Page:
|LETTER TO EDITOR
|Year : 2020 | Volume
| Issue : 2 | Page : 341-342
Perspectives on neurosurgical management of brain tumors during the COVID-19 outbreak
Prakash M Shetty, Vikaskumar Singh, Aliasgar V Moiyadi
Department of Surgical Oncology, Tata Memorial Centre; Neurosurgery Services, Department of Surgical Oncology, Tata Memorial Centre, Homi Bhabha National Insttitute, Mumbai, Maharashtra, India
|Date of Submission||05-May-2020|
|Date of Decision||06-May-2020|
|Date of Acceptance||06-May-2020|
|Date of Web Publication||19-Jun-2020|
Aliasgar V Moiyadi
Neurosurgery Services, Department of Surgical Oncology, Tata Memorial Centre, Mumbai, Maharashtra
Source of Support: None, Conflict of Interest: None
|How to cite this article:|
Shetty PM, Singh V, Moiyadi AV. Perspectives on neurosurgical management of brain tumors during the COVID-19 outbreak. Cancer Res Stat Treat 2020;3:341-2
|How to cite this URL:|
Shetty PM, Singh V, Moiyadi AV. Perspectives on neurosurgical management of brain tumors during the COVID-19 outbreak. Cancer Res Stat Treat [serial online] 2020 [cited 2020 Sep 18];3:341-2. Available from: http://www.crstonline.com/text.asp?2020/3/2/341/287219
Jalali et al. provide a much-needed and timely summary of practice suggestions in the COVID “era.” As we write this, India has progressed into the community transmission phase of the pandemic, with the current number of COVID-19-positive cases being more than 40,000. The key metro cities have been adversely affected, directly and indirectly impacting the care of many patients with brain tumors. The article covers most aspects of management of patients with brain tumors, especially with adjuvant therapy. Therefore, we would like to highlight some issues pertaining to the surgical management of brain tumors in the current context. Surgery for brain tumors is complex, to say the least, and the current circumstances make it no easier.
Department-specific policies (in line with hospital infection committee guidelines and institute protocols) should be put in place. COVID-19-specific operating room protocols and practices have been suggested and will have to be adopted, as COVID-19 cases are expected to continue for a long time. As pointed out, non-essential surgeries should be deferred during the acute phase of the pandemic. Triaging surgeries is essential, and risk stratification into acute (surgery within 24 h), subacute (surgery in 7–10 days), and chronic (elective cases requiring treatment within a month) cases is an important component of decision-making., In our clinical practice, we have scaled down our surgical list to 20% of our routine workload based on this triaging. Contrary to what the authors state, very few day surgeries can be performed. In fact, the cases that warrant urgent neurosurgical intervention often require postoperative intensive care, especially in the face of unforeseen postoperative complications, which are not uncommon. We had two patients (out of 12) who developed postoperative hematomas, which resulted in prolonged intensive care unit stays. Patients also need to be counseled regarding the higher postoperative morbidity which has been reported., Ironically, the most eminently treatable tumors are the benign/lower grade tumors, and hence, the risk stratification should be pragmatic rather than dogmatic. Thorough preoperative COVID-19 screening (clinical and reverse transcription-polymerase chain reaction based, as at our center) is recommended unless there is an acute emergency, in which case the surgery will have to proceed as per the “COVID-suspect” protocol (with bare minimum staff, full Grade 3 personal protective equipment [PPE], preferably in a negative pressure operating room [OR], and a senior faculty at the helm). Even for COVID-19-negative cases, a strict OR protocol with basic PPE should be followed, especially for specific phases of the surgery that are high risk (such as aerosol-generating steps during the use of high-powered drills or ultrasonic aspirators, which are best avoided). Endoscopic procedures are not advisable, and alternative approaches or modalities should be considered. If a patient tests positive for COVID-19, surgery should be postponed (if possible) till the patient becomes negative., Safety of the surgical team is very important, and smart deployment of staff should be done to this end. Moreover, it is essential to ensure adequate strength of staff to maintain services at any given point of time (shift rotation is recommended). Our strategy has been to assign divided surgical teams(consultant, fellow, and resident), strict risk stratification for surgical cases, institute-mandated preoperative screening policy, and meticulous protocol of OR safety, an approach that has stood us well. Strong institutional support and robust policies are crucial. This can also provide an opportunity to put in place appropriate long-term institutional protocols. It is important to stress the need for team morale building, especially for the paramedical staff. Finally, as we face a rapidly evolving disease landscape, it is imperative that we remain flexible in our approach, avoid dogmas, and revisit guidelines periodically as more evidence accumulates, thereby balancing the need for treating patients in a timely manner and protecting the workforce at the same time.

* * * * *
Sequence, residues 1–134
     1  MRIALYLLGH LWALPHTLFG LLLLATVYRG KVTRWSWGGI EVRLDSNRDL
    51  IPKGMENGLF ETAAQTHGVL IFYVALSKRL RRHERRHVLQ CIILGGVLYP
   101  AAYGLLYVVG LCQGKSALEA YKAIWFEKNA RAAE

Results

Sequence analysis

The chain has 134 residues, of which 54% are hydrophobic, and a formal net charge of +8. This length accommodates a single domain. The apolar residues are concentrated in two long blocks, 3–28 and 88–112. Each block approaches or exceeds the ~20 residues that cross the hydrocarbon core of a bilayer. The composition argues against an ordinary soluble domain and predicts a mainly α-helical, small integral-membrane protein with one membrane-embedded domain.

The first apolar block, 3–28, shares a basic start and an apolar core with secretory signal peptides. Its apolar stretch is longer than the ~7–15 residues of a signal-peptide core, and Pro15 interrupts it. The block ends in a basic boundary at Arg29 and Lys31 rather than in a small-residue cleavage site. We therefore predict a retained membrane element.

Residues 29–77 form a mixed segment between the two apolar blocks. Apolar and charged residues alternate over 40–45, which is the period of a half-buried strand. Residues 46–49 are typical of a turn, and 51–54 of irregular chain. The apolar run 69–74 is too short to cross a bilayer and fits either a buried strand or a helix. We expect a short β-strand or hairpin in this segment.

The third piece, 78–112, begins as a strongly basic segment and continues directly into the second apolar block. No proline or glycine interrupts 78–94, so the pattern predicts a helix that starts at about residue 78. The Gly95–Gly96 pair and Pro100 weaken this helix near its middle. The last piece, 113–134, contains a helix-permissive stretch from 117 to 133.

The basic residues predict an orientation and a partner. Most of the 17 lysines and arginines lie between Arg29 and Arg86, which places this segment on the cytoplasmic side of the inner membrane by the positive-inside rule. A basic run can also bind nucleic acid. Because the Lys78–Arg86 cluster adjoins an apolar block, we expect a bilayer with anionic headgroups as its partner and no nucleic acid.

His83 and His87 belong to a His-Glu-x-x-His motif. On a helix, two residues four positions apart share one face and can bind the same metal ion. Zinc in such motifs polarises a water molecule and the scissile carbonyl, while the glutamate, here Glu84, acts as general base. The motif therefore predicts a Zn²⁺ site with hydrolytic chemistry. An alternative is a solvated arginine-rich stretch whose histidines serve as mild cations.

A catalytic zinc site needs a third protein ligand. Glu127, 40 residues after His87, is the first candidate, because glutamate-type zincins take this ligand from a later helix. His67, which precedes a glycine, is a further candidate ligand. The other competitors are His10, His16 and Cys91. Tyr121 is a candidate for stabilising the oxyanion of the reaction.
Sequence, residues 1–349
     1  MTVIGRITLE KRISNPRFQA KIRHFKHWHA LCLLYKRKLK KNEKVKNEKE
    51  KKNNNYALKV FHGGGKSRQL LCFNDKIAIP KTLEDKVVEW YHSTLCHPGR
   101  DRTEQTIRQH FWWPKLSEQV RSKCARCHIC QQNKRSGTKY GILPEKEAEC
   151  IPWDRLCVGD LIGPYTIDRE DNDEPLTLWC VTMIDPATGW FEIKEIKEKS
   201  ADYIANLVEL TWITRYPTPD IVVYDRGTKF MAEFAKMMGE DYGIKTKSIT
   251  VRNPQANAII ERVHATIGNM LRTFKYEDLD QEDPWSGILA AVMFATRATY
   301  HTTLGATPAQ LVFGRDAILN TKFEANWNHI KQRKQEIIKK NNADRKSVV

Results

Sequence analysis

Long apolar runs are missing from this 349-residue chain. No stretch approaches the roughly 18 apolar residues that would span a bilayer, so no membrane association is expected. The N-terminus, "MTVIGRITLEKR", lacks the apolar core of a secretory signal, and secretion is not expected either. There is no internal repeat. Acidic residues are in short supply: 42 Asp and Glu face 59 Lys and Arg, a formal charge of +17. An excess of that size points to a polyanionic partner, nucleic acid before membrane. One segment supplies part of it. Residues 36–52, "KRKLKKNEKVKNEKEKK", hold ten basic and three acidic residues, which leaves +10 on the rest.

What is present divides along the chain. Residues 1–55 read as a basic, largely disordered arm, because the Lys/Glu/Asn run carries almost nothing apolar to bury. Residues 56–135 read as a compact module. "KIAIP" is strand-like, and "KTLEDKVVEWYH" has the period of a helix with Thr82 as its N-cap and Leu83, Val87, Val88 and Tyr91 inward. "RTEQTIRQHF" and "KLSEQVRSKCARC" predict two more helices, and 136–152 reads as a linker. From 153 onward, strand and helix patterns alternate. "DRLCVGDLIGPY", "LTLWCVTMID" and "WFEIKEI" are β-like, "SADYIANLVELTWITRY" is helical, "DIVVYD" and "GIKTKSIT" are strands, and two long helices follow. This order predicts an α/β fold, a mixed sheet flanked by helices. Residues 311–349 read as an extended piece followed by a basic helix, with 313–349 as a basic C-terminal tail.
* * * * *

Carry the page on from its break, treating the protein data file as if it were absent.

Financial support and sponsorship
Conflicts of interest
There are no conflicts of interest.
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